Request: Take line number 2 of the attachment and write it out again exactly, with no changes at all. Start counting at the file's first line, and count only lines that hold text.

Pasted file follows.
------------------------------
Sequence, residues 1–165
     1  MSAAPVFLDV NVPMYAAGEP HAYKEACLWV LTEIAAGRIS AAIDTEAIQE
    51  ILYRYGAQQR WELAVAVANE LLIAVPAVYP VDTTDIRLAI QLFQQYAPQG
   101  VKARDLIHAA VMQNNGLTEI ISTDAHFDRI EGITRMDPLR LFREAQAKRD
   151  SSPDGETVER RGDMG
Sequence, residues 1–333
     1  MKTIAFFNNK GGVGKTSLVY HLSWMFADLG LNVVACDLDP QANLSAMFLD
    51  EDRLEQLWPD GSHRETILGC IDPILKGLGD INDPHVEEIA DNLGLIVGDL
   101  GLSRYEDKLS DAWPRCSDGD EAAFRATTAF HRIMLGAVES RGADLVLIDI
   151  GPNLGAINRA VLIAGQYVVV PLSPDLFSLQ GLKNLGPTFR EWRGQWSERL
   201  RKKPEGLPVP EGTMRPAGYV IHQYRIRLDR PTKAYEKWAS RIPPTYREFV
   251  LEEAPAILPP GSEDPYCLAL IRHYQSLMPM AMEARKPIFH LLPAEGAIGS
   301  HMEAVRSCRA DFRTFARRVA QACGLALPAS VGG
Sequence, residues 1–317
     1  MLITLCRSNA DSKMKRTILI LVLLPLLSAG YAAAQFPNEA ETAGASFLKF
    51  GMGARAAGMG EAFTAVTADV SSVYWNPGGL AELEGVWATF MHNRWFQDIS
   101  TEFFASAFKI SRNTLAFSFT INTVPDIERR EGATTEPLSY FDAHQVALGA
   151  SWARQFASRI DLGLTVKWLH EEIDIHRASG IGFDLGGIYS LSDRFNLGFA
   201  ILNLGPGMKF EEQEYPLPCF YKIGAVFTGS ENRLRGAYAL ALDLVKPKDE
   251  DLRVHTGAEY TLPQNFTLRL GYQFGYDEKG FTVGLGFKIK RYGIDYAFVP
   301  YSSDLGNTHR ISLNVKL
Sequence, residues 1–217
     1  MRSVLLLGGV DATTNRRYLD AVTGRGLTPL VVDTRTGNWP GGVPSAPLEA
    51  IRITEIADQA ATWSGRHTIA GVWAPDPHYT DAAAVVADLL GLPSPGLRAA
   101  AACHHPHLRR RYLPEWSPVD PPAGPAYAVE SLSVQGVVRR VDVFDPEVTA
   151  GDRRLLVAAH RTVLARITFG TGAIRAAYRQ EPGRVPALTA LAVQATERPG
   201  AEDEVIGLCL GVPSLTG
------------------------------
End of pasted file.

     1  MSAAPVFLDV NVPMYAAGEP HAYKEACLWV LTEIAAGRIS AAIDTEAIQE